• 6. performance-per-power as the OMAP3530. On the Dhrystone benchmark: other hand, if the Cortex-A8 increases its clock Available from speed to 1.5MHz, it can achieve similar http://www.xanthos.se/~joachim/dhrystone- performance to the Intel Atom as both chips src.tar.gz provide approximately the same performance-per- On the Linux host, to compile and run on an x86: MHz In an Intel like fashion, ARM‘s roadmap $ wget includes symmetric multi-core Cortex-A9 http://www.xanthos.se/~joachim/dhrystone- processors. The Cortex-A9 is the next generation src.tar.gz Cortex-A8 and is expected to achieve clock speeds $ tar –xvf Dhrystone-src.tar.gz in excess of 2GHz. Assuming that both of these $ gcc -O2 -o dhrystone dhry21a.c dhry21b.c companies achieve their roadmap goals, then their timers.c processors will remain competitive in terms of Similarly, to run on Beagle Board, simply cross- performance, power, and price. compile using the Code Sourcery cross compiler. Thus the feature that may lead to marketplace dominance may not be limited to the hardware but Whetstone benchmark: in software. While there are many more ARM Available from processors in production than x86-based http://netlib.org/benchmark/whetstone.c processors, more consumers are familiar with x86- $ wget http://netlib.org/benchmark/whetstone.c based software. For example, Linux netbooks have $ gcc -O -o whetstone whetstone.c -lm been relatively unsuccessful in the market despite $ ./whetstone -c 100000 their lower cost, as the majority of consumers Similarly, to run on Beagle Board, simple cross- prefer to run Windows. In this sense, ARM must compile using the Code Sourcery cross compiler ensure adequate consumer software is available. with CCFLAGS=–mtune=cortex-a8 –mfpu=neon With the introduction of the Apple iTunes app –free-vectorize –mfloat-abi=softfp. store and Google‘s Android marketplace, software is become more readily available for ARM Linpack benchmark: processors to the end consumer. Supposing ARM Available from software continues to become more abundant, the http://www.netlib.org/benchmark/linpackc.new ARM and Intel rivalry can be expected to On the Linux host, to compile and run on an x86: continue. $ wget http://www.netlib.org/benchmark/linpackc.new APPENDIX $ gcc -O -o linpack linpack.c –lm Steps for benchmark reproduction $ ./linpack Similarly, to run on Beagle Board, simply cross- Fhourstones benchmark: compile using the Code Sourcery cross compiler Available from with CCFLAGS=–mtune=cortex-a8 –mfpu=neon http://homepages.cwi.nl/~tromp/c4/fhour.html –free-vectorize –mfloat-abi=softfp. On the Linux host, to compile and run on an x86: $ wget http://homepages.cwi.nl/~tromp/c4/Fhourstones.ta REFERENCES r.gz [1] Krazit,Tom, Apri 3, 2006. ARMed for the Living Room. $ tar -xvf Fhourstones.tar.gz Available: http://news.cnet.com/ARMed-for-the-living- room/2100-1006_3-6056729.html $ make [2] ARM, March 2008. ARM Cortex-A8 $ ./SearchGame < inputs Microprocessor Overview. Available: To run on Beagle Board, simple change the http://www.arm.com/pdfs/Cortex- Makefile to use arm-none-linux-gnueabi-gcc (or A8_data_brief_FINAL_2_.pdf other ARM cross compiler) instead of the host [3] Grisenthwaite, Richard, Dec 5, 2005. IEEE Cambridge gcc. Branch Seminar: Cortex A8 Processor. Available: www.iet-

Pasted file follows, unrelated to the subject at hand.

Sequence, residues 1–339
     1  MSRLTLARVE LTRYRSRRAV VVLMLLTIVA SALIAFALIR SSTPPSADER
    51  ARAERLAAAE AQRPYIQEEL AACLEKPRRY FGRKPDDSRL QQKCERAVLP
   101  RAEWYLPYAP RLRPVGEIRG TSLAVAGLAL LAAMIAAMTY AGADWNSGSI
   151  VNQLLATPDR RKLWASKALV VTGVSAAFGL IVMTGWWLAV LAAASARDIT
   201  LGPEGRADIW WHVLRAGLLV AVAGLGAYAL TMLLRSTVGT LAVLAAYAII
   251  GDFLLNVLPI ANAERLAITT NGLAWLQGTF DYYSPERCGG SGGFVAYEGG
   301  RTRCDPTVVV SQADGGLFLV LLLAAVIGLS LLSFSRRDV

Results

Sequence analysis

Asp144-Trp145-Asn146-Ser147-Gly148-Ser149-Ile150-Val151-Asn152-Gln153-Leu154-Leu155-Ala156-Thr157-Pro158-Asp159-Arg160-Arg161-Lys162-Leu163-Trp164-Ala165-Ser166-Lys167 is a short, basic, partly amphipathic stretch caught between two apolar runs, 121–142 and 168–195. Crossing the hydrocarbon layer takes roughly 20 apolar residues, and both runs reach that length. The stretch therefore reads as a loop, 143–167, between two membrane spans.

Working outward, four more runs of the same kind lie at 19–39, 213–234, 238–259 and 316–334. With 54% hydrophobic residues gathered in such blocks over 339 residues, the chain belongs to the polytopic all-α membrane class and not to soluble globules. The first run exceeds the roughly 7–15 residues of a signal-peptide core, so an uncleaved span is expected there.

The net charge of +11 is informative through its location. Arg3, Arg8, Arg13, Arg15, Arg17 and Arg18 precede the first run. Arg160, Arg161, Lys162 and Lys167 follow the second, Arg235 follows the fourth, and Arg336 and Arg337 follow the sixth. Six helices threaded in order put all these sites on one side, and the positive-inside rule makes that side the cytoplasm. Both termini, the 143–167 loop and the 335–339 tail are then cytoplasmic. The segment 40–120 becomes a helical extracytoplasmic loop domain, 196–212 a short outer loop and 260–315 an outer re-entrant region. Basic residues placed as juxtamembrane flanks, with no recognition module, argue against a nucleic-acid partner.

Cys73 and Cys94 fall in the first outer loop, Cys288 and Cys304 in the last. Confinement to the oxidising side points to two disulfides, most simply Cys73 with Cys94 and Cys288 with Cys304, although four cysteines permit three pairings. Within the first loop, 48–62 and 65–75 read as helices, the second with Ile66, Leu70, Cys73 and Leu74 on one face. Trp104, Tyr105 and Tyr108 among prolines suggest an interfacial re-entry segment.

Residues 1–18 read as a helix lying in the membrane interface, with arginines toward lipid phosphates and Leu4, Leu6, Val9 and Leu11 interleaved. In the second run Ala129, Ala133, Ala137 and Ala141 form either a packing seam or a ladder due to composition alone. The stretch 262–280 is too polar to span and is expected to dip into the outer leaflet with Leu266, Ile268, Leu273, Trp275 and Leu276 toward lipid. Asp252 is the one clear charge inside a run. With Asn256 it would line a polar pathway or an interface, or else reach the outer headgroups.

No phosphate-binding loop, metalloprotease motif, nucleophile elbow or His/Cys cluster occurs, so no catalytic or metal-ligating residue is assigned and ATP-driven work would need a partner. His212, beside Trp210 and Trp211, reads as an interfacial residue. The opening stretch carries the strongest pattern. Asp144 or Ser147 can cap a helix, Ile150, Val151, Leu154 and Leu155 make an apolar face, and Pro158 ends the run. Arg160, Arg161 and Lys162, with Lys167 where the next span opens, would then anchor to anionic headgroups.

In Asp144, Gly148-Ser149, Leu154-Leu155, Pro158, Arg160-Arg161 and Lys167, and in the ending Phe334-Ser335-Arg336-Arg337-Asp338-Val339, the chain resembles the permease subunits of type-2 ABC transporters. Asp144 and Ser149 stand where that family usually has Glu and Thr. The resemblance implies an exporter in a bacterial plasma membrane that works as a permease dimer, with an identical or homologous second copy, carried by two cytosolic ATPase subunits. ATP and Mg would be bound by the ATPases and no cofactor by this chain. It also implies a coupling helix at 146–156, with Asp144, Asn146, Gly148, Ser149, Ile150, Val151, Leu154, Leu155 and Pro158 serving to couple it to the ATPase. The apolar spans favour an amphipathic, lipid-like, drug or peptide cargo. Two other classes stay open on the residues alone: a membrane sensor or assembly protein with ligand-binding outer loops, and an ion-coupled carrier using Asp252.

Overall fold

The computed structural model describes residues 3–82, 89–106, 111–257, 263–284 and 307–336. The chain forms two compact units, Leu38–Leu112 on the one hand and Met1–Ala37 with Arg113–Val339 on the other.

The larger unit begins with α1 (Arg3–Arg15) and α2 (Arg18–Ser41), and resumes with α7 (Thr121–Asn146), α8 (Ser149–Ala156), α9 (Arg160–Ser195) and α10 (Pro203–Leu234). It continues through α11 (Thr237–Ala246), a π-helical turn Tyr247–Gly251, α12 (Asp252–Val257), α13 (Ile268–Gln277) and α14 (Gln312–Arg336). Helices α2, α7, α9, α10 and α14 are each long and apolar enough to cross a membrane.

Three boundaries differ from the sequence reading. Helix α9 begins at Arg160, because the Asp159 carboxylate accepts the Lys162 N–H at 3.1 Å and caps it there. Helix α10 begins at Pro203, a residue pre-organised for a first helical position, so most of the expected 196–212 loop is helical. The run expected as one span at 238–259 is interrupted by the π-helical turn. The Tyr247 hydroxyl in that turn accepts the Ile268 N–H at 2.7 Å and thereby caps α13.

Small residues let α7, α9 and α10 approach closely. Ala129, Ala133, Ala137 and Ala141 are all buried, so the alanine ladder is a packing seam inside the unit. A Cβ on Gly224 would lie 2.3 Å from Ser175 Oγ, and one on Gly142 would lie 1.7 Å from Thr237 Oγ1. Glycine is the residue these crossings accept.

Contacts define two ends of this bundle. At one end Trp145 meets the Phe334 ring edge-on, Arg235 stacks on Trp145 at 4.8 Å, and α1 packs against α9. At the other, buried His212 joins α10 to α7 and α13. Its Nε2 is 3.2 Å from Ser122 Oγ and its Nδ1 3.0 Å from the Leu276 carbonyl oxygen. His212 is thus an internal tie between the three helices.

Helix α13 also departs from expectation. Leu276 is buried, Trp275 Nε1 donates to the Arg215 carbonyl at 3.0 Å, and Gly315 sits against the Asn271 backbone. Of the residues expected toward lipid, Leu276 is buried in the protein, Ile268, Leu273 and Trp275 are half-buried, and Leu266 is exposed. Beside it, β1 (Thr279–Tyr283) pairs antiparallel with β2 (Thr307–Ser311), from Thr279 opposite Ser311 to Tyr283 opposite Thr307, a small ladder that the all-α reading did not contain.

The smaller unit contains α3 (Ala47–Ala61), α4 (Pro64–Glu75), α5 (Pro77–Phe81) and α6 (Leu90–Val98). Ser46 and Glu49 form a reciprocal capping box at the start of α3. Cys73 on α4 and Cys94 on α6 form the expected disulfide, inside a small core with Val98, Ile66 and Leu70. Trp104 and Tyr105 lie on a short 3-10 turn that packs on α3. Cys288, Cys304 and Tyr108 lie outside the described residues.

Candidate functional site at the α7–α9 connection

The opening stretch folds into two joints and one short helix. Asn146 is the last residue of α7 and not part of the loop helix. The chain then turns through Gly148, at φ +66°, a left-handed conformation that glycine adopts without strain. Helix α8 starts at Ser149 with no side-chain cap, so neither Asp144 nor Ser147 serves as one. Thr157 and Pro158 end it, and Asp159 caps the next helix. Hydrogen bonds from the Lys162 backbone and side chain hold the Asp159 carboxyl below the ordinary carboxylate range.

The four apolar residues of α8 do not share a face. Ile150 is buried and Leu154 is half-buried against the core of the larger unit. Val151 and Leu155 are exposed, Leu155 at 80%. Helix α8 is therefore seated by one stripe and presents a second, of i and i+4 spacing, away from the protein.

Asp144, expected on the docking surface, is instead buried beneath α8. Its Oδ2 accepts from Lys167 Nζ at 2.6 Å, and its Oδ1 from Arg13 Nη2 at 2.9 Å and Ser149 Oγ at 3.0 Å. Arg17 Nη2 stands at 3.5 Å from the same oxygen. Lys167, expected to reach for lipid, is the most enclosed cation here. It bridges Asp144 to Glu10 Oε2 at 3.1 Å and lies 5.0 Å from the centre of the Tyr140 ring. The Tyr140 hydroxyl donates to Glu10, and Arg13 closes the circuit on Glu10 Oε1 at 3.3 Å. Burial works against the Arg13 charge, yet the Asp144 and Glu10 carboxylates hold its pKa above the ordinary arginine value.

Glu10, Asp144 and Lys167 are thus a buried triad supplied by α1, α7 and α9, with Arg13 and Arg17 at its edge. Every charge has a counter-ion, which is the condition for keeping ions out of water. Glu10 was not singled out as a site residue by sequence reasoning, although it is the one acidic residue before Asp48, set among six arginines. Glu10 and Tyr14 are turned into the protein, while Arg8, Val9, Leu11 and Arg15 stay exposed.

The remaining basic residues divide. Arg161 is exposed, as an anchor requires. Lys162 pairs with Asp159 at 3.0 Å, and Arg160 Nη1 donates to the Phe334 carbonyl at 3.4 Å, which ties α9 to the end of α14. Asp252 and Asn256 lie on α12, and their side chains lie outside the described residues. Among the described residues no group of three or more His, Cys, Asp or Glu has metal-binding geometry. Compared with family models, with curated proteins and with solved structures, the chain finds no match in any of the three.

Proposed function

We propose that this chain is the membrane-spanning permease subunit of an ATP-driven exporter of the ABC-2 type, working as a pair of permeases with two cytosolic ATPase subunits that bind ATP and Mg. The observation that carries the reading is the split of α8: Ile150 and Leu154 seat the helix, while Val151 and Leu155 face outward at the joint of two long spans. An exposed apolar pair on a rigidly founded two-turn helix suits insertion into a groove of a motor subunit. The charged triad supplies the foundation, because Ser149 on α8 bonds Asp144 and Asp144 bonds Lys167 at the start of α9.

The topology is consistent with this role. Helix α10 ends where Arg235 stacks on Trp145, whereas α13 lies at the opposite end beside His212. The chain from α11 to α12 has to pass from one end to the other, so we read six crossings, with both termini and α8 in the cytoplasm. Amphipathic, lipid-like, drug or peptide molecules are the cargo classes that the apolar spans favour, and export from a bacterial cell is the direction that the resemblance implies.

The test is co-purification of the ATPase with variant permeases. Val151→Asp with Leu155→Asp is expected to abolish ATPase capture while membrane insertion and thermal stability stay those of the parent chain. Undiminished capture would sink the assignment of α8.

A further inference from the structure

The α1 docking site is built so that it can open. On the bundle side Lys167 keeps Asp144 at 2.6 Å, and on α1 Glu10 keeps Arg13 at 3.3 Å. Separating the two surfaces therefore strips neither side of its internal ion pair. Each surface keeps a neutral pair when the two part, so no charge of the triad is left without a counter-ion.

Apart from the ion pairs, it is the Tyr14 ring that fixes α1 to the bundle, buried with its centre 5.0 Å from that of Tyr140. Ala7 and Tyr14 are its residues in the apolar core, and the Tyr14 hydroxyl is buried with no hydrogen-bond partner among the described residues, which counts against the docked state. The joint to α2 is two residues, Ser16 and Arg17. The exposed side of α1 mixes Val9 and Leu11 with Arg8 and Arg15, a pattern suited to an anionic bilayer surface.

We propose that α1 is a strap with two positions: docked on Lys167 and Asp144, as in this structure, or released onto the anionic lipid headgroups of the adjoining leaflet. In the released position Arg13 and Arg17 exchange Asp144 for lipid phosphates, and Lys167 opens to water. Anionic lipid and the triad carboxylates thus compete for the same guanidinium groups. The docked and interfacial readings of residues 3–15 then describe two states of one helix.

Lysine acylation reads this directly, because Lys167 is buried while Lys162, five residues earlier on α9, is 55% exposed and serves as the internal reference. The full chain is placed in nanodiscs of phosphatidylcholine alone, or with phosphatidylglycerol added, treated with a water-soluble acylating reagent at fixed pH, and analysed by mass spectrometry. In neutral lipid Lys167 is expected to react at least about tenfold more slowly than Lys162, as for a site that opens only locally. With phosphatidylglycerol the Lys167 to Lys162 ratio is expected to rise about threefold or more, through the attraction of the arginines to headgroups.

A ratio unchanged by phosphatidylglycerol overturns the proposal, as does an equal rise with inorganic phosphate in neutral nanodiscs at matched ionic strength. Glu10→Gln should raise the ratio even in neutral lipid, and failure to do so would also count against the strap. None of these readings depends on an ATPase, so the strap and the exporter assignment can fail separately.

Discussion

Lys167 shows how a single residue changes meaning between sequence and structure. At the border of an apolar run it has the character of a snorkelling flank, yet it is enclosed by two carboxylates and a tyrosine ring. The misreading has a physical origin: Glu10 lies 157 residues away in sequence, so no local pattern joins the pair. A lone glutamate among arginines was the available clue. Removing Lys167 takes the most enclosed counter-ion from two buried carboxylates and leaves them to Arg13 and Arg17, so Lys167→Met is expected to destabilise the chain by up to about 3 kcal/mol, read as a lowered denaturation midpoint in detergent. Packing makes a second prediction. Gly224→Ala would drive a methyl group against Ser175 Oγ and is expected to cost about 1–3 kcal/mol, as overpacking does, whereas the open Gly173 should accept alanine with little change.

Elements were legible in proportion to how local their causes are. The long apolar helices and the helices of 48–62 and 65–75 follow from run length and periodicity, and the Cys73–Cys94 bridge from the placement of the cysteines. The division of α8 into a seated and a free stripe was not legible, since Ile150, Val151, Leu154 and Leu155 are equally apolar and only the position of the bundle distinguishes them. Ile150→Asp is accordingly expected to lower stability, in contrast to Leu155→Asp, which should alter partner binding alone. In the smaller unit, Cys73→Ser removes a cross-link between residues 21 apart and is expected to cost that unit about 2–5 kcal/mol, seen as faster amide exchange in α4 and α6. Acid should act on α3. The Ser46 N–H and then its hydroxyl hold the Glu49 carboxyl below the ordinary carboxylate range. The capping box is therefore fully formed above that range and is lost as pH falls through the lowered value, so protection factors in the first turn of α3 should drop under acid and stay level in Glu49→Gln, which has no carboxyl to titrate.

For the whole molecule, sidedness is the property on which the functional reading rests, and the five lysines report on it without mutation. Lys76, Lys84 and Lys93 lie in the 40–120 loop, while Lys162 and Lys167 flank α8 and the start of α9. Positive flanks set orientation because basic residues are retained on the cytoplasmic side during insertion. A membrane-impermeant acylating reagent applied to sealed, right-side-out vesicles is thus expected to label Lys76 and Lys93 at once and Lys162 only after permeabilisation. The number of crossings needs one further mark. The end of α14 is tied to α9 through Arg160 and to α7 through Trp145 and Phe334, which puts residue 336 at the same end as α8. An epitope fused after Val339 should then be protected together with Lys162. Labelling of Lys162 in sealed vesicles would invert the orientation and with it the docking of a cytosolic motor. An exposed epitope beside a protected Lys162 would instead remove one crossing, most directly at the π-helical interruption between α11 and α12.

• 7. cambridge.org.uk/arc/seminar05/slides/RichardGrisenth waite.pdf [4] BDTI, Feb. 26, 2008. ARM Cortex-A8 Benchmark Results. Available: http://www.bdti.com/bdtimark/cortex_a8.htm [5] Intel, 2008. Intel Atom Processor 330. Available: http://ark.intel.com/Product.aspx?id=35641 [6] Dandumont, Pierre, June 5, 2008. Intel Atom CPU Review. Available: http://www.tomshardware.com/reviews/intel-atom- cpu,1947-4.html [7] Intel, 2008. Intel Hyper-Threading Technology. Available: http://www.intel.com/technology/platform- technology/hyper-threading/index.htm [8] Kucharik, Eliot, Oct. 6, 2008. Dual Core Atom 330 image. Available: http://www.fudzilla.com/images/stories/2008/October/R eviews/Atom_330/atom_330_d945gclf2_front.jpg [9] Musah, Arthur, Dykstra. Andy, 2008. Power Management Techniques for OMAP35x Application processors. Available: http://www.ti.com/litv/pdf/sprt495 [10]Texas Instruments, 2009. OMAP3530 Application Processor. Available: http://focus.ti.com/docs/prod/folders/print/oma p3530.html [11] Benson. Duane, Aug. 28, 2009. Open Source Hardware. Available: http://blog.screamingcircuits.com/2009/08/ind ex.html [12]Felipe, C, Mar. 26, 2009. OMAP3 Public DSP binaries now work. Available: http://felipec.wordpress.com/2009/03/26/omap 3-public-dsp-binaries-now-work/

×